“34,326 is still more fans than St. Andrew’s can hold,” I note.

“That must be quite embarrassing for you, no?”

“Not really, Blues had always been in the shadow of Villa, West Brom, and Wolves in the area, so a capacity of nearly 30,000 is actually quite good going,” I reason.

“How often did you sell out before you took over?”

“I don’t want to talk about that,” I say, waving away Zlatan’s question. “What I do want to talk about is you being miserable about conceding when we’re cruising to a 3-1 win with only a couple of minutes to go.”

“I think it’s a little disappointing is all,” he shrugs.

“Do you agree with this?” I ask my other assistant, Kevin Nolan.

“If I’m honest, I do,” he admits. “It’s not going to be a game we reminisce about in the years to come, is it?”

“I suppose,” I sigh. “At least we haven’t had to get stodgy, that would be REALLY disappointing.”

Just as I finish talking, Mateus Brunetti steps up from his position at the base of DAC’s midfield and receives a pass, taking one touch before rifling in from the D for his second of the game.

My eyebrows drop into a scowl as I flip over the page on my notepad and start laying out the change of formation.

“For goodness’ sake…”


* * * * * * * *​
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Even with the nature of our win on Thursday being a little dispiriting, we can’t afford to dwell on it - Sunday is Rhein Derby day.

Köln will be making the short journey north-west to Borussia-Park desperate to end our unbeaten start in the Bundesliga and, despite being mid-table after six games, anything can happen in a local derby, so here’s hoping the strategic rotation of my squad over the last couple of games will pay off for us as I send out the strongest team available to take on our bitter rivals for the first time under my watch.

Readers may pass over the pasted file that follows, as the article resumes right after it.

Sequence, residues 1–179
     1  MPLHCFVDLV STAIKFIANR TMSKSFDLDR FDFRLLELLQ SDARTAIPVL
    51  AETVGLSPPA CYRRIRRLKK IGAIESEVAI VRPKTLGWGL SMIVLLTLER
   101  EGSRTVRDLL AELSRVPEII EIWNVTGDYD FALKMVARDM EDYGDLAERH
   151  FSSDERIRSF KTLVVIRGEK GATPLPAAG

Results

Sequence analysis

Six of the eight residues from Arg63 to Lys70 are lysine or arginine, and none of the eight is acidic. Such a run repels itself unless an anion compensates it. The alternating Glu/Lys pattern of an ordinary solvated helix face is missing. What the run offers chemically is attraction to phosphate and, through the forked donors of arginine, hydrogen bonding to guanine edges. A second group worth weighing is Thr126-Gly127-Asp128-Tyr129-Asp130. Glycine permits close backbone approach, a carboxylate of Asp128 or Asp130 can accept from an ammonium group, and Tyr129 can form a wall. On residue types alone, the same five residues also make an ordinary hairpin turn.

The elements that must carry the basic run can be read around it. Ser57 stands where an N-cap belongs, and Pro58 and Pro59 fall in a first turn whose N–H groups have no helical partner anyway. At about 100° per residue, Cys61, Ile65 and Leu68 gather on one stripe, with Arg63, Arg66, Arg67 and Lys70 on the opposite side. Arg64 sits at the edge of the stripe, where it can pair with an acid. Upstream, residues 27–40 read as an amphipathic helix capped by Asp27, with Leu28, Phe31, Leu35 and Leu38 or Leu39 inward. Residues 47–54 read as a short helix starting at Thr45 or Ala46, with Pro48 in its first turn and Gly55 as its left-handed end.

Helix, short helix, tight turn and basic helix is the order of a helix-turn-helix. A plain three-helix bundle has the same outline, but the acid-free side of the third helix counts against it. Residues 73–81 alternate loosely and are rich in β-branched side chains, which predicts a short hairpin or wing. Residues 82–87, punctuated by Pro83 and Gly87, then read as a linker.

The wall of sound that hits me when I walk out of the tunnel is unlike anything I’ve experienced before, almost overwhelming in fact, so I’m not surprised that the opening stages play out with a slew of firm tackles and not a lot of control from either team. Soon, however, we start gaining a foothold in the game and play some nice passes as we patiently probe the Köln backline for any openings, before Devyne Rensch finally splits them open with six minutes to go until half-time, releasing Tresoldi to claim his eighth goal in his last five games, and it’s not long after the interval that Rensch is involved again when he tees up Netz to go wing-back-to-wing-back, the German fizzing a dangerous cross straight through the Köln six-yard box for Nelson to tap in at the back post.

That’s when the match starts to shift.

Steffen Baumgart makes a couple of substitutions and tactical tweaks and, almost instantly, the balance of play tilts in Die Geißböcke’s favour as our previously confident play gives way to nerves and a sense of dread, like the seconds before Donald Trump starts speaking when handed a microphone. We drop slightly deeper to try and cope, but our visitors simply follow us, our defence creaking as the pressure builds until it eventually becomes too much to handle as definitely-not-a-defender Largie Ramazani is skipped past by Abdülkadir Ömür and the Turk skids in a ball that’s turned in from close range by Moise Kean as injury time approaches.

We have to stem the tide and see out the final minutes, but going stodgy does very little to quash Köln’s momentum as they keep hurling men forward. They force a good save from Kobel, they hit the post, they hit the other post, it feels inevitable that they’ll level every time they come forward. As each impossibly-long second passes, I grow progressively more anxious. When a Köln corner is awarded seconds after the indicated time had elapsed, I was convinced that would be it. When the kick is cleared away emphatically and the referee blows their final whistle, I wait for a penalty to be awarded for whatever made up reason the officials feel like. I wait for the VAR to intervene.